The Sutton Trust analysed the educational background of Theresa May’s new cabinet finding that there are more privately educated ministers than her first cabinet in 2016.
A third of the cabinet were privately educated.
Almost half of the cabinet went to Oxbridge.
Two-fifths of the cabinet went to a comprehensive.
- 34% of Theresa May’s new cabinet received a private education, a slight increase from her first cabinet in 2016 (30%).
- 24% of the new cabinet attended selective state schools, which is significantly higher than David Cameron’s 2015 cabinet (7%), but slightly lower than Theresa May’s first cabinet in 2016 (26%).
- 41% of the new cabinet were educated in comprehensive state schools, compared to 44% in Theresa May’s first cabinet, and 43% in David Cameron’s 2015 cabinet.
- Overall, 66% of the new cabinet were educated at either a comprehensive or selective state school. This is a slight decrease from Theresa May’s first cabinet (70%), but remains higher than David Cameron’s 2015 cabinet (50%).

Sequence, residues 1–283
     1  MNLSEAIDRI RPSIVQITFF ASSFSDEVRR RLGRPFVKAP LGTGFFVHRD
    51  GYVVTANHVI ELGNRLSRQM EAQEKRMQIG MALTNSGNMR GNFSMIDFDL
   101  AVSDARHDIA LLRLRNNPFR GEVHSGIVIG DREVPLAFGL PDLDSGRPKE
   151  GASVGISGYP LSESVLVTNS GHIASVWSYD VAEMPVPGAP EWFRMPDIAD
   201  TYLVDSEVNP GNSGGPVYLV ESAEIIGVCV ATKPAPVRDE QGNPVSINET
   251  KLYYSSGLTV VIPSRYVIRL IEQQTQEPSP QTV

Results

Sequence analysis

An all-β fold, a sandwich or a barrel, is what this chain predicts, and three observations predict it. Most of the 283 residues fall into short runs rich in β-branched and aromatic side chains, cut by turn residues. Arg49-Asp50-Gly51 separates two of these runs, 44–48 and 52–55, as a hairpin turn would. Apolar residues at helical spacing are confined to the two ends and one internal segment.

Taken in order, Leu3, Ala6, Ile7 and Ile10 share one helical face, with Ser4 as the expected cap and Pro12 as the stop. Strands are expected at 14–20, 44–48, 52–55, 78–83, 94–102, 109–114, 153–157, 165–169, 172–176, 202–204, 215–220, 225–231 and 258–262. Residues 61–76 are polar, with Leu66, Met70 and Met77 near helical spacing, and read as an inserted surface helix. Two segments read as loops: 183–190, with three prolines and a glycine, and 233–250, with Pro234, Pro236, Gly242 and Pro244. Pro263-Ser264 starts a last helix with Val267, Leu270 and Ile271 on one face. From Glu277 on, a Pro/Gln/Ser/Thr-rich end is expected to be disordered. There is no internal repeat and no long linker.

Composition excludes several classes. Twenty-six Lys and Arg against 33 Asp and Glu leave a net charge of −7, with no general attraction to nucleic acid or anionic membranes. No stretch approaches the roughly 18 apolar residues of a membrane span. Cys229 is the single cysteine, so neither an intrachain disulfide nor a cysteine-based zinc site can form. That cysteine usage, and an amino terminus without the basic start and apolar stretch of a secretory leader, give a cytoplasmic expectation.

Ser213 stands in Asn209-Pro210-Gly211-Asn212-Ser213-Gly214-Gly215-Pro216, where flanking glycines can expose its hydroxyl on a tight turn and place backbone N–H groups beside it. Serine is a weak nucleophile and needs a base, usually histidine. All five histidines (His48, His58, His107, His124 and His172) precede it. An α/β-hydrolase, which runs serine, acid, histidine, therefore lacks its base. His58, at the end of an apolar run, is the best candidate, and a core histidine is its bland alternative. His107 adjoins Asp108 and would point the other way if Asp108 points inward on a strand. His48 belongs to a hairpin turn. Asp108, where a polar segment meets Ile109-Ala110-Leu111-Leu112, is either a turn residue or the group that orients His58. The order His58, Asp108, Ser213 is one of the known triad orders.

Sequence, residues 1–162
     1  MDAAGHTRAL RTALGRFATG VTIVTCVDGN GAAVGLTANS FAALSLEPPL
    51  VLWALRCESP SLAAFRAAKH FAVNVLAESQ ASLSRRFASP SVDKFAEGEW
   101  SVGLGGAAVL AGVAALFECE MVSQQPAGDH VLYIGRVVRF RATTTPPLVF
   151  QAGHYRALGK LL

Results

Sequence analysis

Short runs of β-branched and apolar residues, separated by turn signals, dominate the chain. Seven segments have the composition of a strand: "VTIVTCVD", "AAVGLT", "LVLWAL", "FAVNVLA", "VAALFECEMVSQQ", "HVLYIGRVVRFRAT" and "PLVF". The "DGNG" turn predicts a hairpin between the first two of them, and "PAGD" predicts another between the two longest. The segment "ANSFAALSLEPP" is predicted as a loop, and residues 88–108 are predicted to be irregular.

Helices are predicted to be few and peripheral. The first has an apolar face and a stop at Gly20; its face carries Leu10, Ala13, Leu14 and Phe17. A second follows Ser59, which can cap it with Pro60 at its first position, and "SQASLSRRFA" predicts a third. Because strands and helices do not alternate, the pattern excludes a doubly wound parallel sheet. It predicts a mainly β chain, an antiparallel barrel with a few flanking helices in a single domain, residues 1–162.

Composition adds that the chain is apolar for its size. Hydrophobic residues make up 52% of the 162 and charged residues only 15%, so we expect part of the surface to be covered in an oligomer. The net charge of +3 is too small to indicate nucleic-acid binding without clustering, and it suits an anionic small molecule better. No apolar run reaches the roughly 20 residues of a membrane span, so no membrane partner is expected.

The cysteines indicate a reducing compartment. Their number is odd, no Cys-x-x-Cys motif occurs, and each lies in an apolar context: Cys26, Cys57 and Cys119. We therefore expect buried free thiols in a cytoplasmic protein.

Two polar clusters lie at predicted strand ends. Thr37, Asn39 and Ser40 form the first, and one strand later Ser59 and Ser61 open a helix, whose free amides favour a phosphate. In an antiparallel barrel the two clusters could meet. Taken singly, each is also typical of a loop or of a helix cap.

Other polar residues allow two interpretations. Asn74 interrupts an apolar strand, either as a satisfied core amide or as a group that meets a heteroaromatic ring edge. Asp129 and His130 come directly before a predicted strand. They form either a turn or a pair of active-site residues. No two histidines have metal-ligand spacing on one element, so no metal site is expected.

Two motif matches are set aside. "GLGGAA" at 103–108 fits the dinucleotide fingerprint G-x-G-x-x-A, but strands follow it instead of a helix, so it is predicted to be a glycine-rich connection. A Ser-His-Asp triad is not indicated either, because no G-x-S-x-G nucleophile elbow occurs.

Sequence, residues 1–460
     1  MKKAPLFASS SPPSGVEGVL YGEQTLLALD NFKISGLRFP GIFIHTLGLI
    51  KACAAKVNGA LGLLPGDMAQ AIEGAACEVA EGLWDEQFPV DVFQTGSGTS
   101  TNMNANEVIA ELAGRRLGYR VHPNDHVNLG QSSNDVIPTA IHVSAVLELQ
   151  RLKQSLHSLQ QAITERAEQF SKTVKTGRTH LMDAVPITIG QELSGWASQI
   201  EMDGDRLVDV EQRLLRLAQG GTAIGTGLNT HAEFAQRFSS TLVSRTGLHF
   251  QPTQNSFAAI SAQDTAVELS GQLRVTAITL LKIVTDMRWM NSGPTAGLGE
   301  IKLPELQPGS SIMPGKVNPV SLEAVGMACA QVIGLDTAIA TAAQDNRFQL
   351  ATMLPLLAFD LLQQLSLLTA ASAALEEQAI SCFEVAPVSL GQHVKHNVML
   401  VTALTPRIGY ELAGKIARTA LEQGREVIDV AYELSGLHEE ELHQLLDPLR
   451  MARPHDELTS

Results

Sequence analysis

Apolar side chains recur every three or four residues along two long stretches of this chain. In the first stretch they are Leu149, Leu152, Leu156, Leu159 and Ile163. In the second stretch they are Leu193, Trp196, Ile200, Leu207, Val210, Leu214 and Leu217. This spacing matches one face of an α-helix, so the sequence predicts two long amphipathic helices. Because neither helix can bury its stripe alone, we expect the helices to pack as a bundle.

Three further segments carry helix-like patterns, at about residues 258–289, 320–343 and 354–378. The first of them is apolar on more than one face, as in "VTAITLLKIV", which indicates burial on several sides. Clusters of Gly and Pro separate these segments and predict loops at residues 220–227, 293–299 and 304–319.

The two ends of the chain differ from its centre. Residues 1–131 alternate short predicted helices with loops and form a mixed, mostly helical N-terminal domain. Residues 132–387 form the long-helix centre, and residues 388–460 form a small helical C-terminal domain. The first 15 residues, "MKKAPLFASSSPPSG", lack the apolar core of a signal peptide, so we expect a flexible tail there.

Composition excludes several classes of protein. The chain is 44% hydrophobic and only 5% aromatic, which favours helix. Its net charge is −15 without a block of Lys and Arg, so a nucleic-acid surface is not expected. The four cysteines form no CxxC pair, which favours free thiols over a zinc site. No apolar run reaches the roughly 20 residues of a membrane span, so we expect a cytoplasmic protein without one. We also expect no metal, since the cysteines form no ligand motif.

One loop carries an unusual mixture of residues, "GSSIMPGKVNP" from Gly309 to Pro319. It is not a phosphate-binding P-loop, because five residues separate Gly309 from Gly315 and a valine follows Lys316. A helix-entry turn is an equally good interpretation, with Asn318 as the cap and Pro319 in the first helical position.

- Cabinet ministers are almost over 5 times more likely to have gone to a fee-paying school, compared to the general population.
- 48% of the new cabinet attended Oxbridge, an increase compared to Theresa May’s first cabinet in 2016 (44%), but still lower than David Cameron’s 2015 cabinet (50%).
- Comparing the current proportion of privately educated cabinet members to previous cabinets over time, 50% of David Cameron’s 2015 cabinet and 62% of the coalition 2010 cabinet received a private education. Earlier cabinets under Conservative Prime Ministers, John Major (71% in 1992) and Margaret Thatcher (91% in 1979). Tony Blair and Gordon Brown both had 32% of those attending cabinet privately educated, while 25% of Clement Attlee’s first cabinet had been privately educated.
Information on the education of cabinet members was taken primarily from public sources, such as candidates’ campaign web pages. The school and university backgrounds were obtained by using a number of publicly available sources, such as Who’s Who and MPs’ websites. A cabinet member’s education background was classified for the overall analysis as where they spent the majority of their education between the ages of 11-18, more detailed information on each member is also provided.